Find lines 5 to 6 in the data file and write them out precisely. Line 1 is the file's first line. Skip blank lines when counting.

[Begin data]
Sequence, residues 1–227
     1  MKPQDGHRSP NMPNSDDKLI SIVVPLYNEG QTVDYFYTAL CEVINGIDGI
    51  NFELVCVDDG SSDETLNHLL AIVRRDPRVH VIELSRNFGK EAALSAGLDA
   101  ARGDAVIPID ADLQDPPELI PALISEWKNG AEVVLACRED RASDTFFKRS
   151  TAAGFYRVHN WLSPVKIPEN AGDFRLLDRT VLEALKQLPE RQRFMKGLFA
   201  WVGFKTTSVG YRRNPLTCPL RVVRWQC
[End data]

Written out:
   151  TAAGFYRVHN WLSPVKIPEN AGDFRLLDRT VLEALKQLPE RQRFMKGLFA
   201  WVGFKTTSVG YRRNPLTCPL RVVRWQC